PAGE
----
3. GAMP 5: The pharmaceutical industry adheres to industry standards that can be found in a document published by the International Society of Pharmaceutical Engineers (ISPE) in its most recent guide, GAMP 5: A Risk-Based Approach to Compliant GxP Computerized Systems. Immediately upon the formalization of a systematic serialization approach within an organization, the resulting project then becomes subject to standard Good Manufacturing Practices (GMP) Quality Management System requirements. GAMP 5 will drive the project planning and implementation of a structured track-and-trace program in the typical pharmaceutical company.

Within GAMP 5, topics include how:

  • the system will be designed, built, and tested
  • the system will be documented
  • the system will be handed over to the users
  • incidents will be documented, and corrective and preventive measures will be captured and coordinated
  • system changes will be managed
  • system audits will be conducted
  • electronic records will be maintained, retrieved, and archived
  • ... and more

Ask The Right Questions To Form Your Strategy
Apply a structured analysis of the integrated automation system to assure adequate understanding of the processes and scope of the effort (i.e. determine what business processes, system interfaces, and human control activities need to be assessed) prior to formal project Scope Statement.

Questions to be addressed for this phase should include the following:

  • Is this a global project? If so, what communication and collaboration tools will be used to support the project?
  • What is planned for a proof-of-concept?
  • Which lines will be upgraded?
  • Are multiple facilities involved?
  • Is there a serialization system already in place? If so, has a gap analysis been performed to identify the differences between the “as-is” and the “to-be” processes?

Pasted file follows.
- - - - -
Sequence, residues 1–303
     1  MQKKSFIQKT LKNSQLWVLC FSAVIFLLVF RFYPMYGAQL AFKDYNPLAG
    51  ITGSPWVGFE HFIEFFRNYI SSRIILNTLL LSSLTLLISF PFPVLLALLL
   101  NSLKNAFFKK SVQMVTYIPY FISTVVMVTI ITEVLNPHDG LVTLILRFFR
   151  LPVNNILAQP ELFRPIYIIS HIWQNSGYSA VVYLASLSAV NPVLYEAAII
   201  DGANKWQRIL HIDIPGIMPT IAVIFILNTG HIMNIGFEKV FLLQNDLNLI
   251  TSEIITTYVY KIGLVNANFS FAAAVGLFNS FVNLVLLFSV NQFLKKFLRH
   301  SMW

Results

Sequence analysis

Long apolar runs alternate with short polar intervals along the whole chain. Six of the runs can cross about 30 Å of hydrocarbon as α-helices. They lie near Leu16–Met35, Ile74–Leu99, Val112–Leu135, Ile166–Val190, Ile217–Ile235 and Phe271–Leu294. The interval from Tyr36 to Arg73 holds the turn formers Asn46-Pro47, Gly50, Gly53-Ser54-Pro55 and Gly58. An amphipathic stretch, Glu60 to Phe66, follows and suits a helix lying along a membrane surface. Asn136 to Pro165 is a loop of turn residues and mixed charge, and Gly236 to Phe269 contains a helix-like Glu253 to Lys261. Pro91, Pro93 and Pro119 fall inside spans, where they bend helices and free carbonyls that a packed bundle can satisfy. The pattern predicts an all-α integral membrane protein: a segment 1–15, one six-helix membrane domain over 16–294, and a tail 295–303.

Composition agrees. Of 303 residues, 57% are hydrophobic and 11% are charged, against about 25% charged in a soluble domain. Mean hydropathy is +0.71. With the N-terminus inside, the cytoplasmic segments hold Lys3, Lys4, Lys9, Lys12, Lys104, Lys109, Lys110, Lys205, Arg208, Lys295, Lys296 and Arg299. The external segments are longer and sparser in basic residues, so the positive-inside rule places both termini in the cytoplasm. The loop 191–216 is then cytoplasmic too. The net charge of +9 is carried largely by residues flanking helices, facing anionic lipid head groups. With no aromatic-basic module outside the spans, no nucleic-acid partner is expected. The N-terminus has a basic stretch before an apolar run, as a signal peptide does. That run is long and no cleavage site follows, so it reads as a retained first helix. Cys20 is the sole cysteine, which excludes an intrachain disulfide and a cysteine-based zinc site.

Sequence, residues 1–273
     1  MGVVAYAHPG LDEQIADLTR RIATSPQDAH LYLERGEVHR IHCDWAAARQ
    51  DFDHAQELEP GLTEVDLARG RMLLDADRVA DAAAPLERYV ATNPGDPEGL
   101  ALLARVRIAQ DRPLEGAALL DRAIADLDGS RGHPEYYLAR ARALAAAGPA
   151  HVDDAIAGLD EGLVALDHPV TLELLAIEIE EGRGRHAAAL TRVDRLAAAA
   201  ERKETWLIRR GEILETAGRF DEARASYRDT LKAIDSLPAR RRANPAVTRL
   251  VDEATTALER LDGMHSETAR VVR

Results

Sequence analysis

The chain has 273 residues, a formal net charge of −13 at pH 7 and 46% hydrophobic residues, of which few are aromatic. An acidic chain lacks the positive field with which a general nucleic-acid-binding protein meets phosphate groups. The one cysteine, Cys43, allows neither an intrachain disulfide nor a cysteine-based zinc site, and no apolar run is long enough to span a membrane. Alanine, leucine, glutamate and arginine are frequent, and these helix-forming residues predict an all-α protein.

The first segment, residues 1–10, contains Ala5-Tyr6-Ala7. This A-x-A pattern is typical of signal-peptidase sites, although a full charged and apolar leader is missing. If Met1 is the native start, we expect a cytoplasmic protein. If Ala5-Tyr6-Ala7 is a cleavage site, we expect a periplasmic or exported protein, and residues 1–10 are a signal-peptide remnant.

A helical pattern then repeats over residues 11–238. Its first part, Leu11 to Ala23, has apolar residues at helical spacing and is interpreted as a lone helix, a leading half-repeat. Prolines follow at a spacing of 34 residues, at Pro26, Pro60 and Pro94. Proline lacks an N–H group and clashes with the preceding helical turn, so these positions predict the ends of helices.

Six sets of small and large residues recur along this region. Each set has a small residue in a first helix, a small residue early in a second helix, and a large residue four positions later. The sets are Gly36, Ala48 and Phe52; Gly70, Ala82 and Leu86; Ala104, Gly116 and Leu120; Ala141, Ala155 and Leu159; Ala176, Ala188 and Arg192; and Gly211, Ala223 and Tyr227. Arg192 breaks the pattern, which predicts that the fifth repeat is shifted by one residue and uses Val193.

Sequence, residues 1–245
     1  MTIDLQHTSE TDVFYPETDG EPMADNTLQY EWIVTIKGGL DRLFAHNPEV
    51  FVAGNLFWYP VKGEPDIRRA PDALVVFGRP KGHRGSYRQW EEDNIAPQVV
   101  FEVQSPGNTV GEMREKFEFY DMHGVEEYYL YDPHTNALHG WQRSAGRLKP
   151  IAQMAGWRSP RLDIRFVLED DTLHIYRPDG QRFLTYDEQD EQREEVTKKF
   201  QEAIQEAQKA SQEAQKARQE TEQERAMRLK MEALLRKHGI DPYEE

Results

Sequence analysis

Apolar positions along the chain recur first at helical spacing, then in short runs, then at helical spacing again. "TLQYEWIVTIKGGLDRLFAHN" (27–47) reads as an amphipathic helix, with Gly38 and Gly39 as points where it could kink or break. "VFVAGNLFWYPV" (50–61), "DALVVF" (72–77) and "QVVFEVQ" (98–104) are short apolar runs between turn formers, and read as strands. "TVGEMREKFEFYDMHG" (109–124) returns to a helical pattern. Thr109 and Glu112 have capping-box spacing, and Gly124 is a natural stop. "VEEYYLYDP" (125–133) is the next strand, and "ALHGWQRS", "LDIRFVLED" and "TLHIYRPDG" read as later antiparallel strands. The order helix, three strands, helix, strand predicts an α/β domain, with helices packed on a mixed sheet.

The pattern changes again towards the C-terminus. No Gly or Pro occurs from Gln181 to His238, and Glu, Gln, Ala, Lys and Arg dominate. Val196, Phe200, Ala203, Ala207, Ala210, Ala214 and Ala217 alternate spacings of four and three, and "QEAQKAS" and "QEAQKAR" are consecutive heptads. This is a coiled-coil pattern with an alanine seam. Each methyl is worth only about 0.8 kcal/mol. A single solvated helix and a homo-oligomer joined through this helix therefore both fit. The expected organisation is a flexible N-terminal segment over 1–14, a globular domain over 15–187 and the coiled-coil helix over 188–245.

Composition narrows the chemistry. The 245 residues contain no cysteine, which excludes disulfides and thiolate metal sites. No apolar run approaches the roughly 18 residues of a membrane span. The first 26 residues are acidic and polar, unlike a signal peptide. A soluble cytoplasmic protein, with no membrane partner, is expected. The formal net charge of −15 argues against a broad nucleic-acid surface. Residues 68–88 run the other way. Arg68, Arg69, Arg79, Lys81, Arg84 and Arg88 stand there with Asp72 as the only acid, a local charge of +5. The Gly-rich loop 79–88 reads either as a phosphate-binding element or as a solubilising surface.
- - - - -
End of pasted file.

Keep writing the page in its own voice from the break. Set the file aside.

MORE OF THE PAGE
• Have all important stakeholders been included?
  • How will we be able to insure a good level of communication with stakeholders?
  • Is there an opportunity to leverage standardization in order to reduce or eliminate the need for redundancy and duplication?
  • Is there potential for leveraging corporate standards or guidelines and supplier standardization?

The project plan should consider task ownership so that there are clear expectations of who will deliver what and when. Although this consideration is universally applicable to all elements of the project, the bottom line is that the delivery of the system, including all software, hardware, documentation, and on-going support and maintenance, must be well understood and agreed upon in writing.

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Test, And Test Again
As with any complex project, there will be a lot of trial and error, potentially resulting in rejects and rework. This is primarily because now we are aggregating serial numbers into containers holding smaller serialized units. When the serial-number “chain” is disrupted for whatever reason, the human business processes’ and automated systems’ capabilities to cope with the management of such an issue is key.

Although there are a number of potential scenarios that will inevitably occur, the following is an example based on a standard high-speed packaging operation of between 100 to 200 bottles per minute:


  • All labeling within the batch must be uniquely serialized, verified, authenticated, and aggregated during the packaging operation.